-William D. Clements, Esq.-
Beneficiary deeds, or “transfer on death” deeds, are a relatively new estate planning tool available in a growing number of states. Arkansas enacted legislation in 2005 which permits landowners to convey real property interests via beneficiary deed. Although not advisable in all cases, these deeds offer some attractive advantages for clients desiring to avoid probate. This article will briefly explain what beneficiary deeds are, explore some of the pros and cons of using them, and conclude with guidance on when and how they might best be utilized.
Generally speaking, deeds are the legal instruments by which real property interests are conveyed or transferred from one person to another. The most common examples are warranty and quitclaim deeds. From an estate planning perspective, the drawback to using these traditional deeds is that they effectuate an immediate transfer of the property, which might not be desirable for a number of reasons. Beneficiary deeds, on the other hand, do not transfer any interest in the property until the grantor’s death.
Beneficiary deeds are will substitutes. That is, they convey property after death outside the terms of a will or intestacy laws (which apply when there is no will). As such, the property is not considered part of the probate estate and can pass automatically without the need for court proceedings.
Because a beneficiary deed does not convey any interest in the property while the grantor is still alive, he retains full control over the property. He is free to sell, transfer, mortgage, or otherwise convey or encumber the property without having to answer to the grantee.
Property transferred at the time of death may be entitled to a “stepped-up basis.” That is, the grantee takes the property at current market value, not the value the grantor originally paid (plus improvements). This is important if/when the grantee decides to sell the property. Without stepped-up basis for valuation, the gain the grantee would realize from selling the property would be the difference between current market value and what was originally paid (plus improvements) – which could be a huge difference and result in substantial taxes if the property had been purchased decades earlier. With stepped-up basis for valuation, the realized gain would be much smaller.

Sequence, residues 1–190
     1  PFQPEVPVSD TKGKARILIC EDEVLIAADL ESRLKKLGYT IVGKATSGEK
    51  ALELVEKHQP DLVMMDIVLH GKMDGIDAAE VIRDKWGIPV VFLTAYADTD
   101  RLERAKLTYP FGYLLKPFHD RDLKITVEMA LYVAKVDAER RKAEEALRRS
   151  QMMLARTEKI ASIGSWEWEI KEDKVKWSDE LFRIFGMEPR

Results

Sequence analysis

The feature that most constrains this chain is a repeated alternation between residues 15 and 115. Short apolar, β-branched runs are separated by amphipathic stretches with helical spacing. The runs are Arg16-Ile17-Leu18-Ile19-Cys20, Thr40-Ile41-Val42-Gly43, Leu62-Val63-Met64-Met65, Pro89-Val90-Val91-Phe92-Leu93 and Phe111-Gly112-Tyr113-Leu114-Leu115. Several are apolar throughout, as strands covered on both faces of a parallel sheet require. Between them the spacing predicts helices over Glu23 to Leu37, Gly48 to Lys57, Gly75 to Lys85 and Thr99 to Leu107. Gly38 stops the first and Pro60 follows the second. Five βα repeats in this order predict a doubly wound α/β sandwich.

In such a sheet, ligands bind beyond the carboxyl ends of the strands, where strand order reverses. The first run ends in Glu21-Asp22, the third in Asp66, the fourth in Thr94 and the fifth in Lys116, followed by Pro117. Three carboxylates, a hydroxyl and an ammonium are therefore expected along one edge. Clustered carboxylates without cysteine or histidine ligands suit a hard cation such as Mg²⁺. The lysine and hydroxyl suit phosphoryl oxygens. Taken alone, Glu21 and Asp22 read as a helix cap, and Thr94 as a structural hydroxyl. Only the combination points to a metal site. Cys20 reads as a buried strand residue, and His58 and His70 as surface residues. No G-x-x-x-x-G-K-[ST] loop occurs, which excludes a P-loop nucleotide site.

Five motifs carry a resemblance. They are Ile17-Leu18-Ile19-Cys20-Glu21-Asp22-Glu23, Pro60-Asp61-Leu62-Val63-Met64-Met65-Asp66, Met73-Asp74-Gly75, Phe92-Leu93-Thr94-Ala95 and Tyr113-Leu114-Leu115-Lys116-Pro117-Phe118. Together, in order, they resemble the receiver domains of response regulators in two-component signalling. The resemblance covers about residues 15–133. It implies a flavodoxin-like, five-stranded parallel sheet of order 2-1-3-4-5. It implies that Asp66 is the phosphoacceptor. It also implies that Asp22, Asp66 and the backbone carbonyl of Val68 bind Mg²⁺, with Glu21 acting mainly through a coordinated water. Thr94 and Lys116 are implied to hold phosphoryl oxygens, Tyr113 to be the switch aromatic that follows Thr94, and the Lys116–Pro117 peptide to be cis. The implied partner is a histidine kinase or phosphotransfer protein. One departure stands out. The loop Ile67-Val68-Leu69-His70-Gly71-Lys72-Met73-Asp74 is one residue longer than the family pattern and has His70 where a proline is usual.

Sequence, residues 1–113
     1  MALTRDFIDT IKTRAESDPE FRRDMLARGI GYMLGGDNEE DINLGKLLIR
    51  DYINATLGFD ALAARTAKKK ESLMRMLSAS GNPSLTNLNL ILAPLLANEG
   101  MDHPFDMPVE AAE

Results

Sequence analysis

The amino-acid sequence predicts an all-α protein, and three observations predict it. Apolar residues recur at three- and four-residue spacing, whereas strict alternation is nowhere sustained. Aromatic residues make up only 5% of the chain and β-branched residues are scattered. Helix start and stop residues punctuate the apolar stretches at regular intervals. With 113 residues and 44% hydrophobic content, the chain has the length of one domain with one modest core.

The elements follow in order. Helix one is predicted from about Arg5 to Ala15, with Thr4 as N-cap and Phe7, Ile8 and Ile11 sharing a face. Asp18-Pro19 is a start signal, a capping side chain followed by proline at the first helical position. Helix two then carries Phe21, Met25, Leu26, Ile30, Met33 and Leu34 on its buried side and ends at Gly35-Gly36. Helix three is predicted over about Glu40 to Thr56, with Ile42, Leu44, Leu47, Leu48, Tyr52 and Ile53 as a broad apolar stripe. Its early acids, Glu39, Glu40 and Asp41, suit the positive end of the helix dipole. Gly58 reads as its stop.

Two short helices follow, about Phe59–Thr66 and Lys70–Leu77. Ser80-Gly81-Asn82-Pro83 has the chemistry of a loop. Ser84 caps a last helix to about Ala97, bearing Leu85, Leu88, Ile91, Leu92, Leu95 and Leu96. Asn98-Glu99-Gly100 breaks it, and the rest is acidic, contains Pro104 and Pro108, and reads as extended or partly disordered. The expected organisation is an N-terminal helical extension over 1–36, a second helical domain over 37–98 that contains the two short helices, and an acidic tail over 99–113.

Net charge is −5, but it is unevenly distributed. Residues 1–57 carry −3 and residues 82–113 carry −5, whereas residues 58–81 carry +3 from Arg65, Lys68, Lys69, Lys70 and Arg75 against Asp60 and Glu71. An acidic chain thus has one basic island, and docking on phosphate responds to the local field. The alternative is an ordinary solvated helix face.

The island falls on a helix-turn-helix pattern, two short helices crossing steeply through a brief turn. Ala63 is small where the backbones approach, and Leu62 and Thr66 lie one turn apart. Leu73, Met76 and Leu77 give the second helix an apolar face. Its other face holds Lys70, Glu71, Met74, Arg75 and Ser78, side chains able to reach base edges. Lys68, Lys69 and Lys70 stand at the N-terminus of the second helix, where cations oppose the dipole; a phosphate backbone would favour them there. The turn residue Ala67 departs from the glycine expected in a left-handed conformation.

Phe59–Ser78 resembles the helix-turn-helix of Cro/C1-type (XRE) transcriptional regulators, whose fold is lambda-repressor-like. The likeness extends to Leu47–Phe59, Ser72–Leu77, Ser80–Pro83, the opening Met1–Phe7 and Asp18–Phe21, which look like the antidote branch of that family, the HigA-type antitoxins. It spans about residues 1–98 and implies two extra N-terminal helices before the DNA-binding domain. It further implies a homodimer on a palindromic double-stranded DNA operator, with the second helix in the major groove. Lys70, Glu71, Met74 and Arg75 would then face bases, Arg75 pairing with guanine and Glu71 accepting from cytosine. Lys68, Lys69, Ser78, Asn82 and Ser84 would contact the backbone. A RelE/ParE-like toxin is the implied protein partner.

There is no estate tax advantage to transferring property via beneficiary deed. Although the property is considered removed from the grantor’s probate estate, it is not removed from his/her taxable estate – he/she still owns it, therefore his/her estate might owe taxes on it.
There are no real asset protection advantages to using beneficiary deeds. The property will remain vulnerable to claims by the grantor’s creditors, and will become vulnerable to the grantee’s creditors upon the grantor’s death. Limited protection from the grantee’s creditors is possible due to the fact that if the grantee experiences financial trouble before the grantor’s death, the grantor is free to change the beneficiary, or place the property in an asset protection trust.
When to use beneficiary deeds:
A beneficiary deed might be preferable to a trust in the following circumstances:
· The primary/only concern is avoiding probate;
· The grantor does not want to maintain any level of control over the property after his/her death;
· The grantor is not concerned about the threat of creditor attacks;
· The costs of a trust outweigh the potential benefits (rare), or render the trust unaffordable.
This article is intended for general information purposes only and should not be taken as legal advice. You should speak to a licensed attorney before attempting to use any of the information contained in this article.
 If the property is owned by more than one grantor, the transfer will not occur until the death of the last surviving grantor.
 If the property is sold immediately for market value, the gain could in fact be $0 for tax purposes.
 Limited protection may be available under the Homestead Exemption Act.
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